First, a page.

To make the procedure go more quickly in the future, use a permanent marker on your heating system housing or ductwork to show the airflow direction and filter size.
4. Examine the Condensate Pan
Commonly known as drain pans, condensate pans catch liquid your heating system draws from the air.
If water is dripping from your heating system or its pan has standing water in it, use these recommendations.
- If your pan includes a drain (look for a PVC pipe), double-check that it isn’t clogged. If it needs to be drained, use a special pan-cleaning tablet you can purchase at home improvement or hardware stores.
- If your pan uses a pump, check the float switch. If the button is jammed “up” with liquid in the pan, reach us at 256-574-1300, because you will likely have to buy a new pump.
5. Watch for Furnace Error Codes
If faults keep on happening, peek at your heating system’s plastic window to confirm the blower motor’s status. Subject to the type, the light might also be attached on the surface of your heater.
If you notice anything except an uninterrupted, colored light or flickering green light, reach us at 256-574-1300 for HVAC service. Your heater may be emitting an error code that is calling for professional assistance.
6. Scrub the Flame Sensor
If your heating system attempts to run but switches off without distributing warmth, a grimy flame sensor can be responsible. When this takes place, your furnace will make an attempt to start three times before a safety mechanism shuts it down for approximately an hour.
If you feel confident with opening up your furnace, cleaning your flame sensor is a job you have the ability to do on your own. Or, one of our heating service professionals is able to do it for you.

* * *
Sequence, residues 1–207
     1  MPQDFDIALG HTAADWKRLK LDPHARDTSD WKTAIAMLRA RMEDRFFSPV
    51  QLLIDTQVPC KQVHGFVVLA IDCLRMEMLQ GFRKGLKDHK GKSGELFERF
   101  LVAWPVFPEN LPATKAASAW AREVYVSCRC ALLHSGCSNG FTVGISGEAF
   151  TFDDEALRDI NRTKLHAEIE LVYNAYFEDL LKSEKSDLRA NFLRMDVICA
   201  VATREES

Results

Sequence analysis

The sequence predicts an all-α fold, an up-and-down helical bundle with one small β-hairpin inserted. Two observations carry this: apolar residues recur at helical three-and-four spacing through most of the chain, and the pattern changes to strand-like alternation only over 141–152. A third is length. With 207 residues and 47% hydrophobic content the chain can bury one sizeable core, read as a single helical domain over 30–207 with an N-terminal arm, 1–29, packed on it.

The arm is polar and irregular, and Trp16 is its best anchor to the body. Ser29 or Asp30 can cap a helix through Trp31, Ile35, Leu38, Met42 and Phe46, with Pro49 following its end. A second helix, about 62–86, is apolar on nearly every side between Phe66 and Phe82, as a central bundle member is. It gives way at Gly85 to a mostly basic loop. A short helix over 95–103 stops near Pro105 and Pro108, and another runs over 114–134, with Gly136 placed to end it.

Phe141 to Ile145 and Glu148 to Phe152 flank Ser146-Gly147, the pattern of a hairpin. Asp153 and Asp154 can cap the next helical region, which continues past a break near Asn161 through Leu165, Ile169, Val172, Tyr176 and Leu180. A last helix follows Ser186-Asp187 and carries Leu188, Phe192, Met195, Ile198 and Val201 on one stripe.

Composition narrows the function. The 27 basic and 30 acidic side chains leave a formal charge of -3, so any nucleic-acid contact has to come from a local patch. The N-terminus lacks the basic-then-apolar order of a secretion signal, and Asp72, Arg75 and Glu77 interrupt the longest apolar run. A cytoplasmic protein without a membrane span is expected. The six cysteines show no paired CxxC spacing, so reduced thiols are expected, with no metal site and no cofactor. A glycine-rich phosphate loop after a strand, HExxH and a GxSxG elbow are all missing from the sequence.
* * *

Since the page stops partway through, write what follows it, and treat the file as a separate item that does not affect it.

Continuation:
If you want to clean the sensor yourself, you need:
- A 1/4” hex screwdriver or wrench
- Piece of light grit sandpaper, steel wool or emery cloth
- An unused paper towel
As the next step:
- Turn off the heater’s power with its wall switch or breaker. If your furnace’s gas valve isn’t electric, you have to shut off the gas along with it.
- Remove the heater’s front panel and follow the wire to the flame sensor.
- Take off the rod and use your sandpaper, steel wool or emery cloth to carefully clean the metal rod.
- Clean the rod with a paper towel.
- Remount the sensor.
- Put the furnace doors back on.
- Turn the furnace’s power back on. It may go through a sequence of examinations before resuming normal operation. If your furnace doesn’t start, the sensor could need to be replaced or something else could be wrong. If this takes place, call us at 256-574-1300 for heating and cooling repair help.
7. Relight the Pilot Light
If you have an outdated heater, the pilot light could be turned off. To relight it, look for the guide on a label on your furnace, or follow these steps.
- Find the switch on the bottom of your furnace labeled “pilot,” “on” and “off.”
- Move the switch to the “off” position.
- Wait at least five minutes to avoid creating a fire.
- Move the switch to “pilot.”
- Push the “reset” button as you move the flame of a long lighter to the pilot light opening.
- Let go of the “reset” switch once the pilot light is ignited.
If you have gone through the guide twice and the pilot light still won’t ignite or remain ignited, contact us at 256-574-1300 for furnace service.
Double-Check Your Gas Delivery System
Try switching on a second gas appliance. If it doesn’t operate, your natural gas service may be switched off, or you could be out of propane.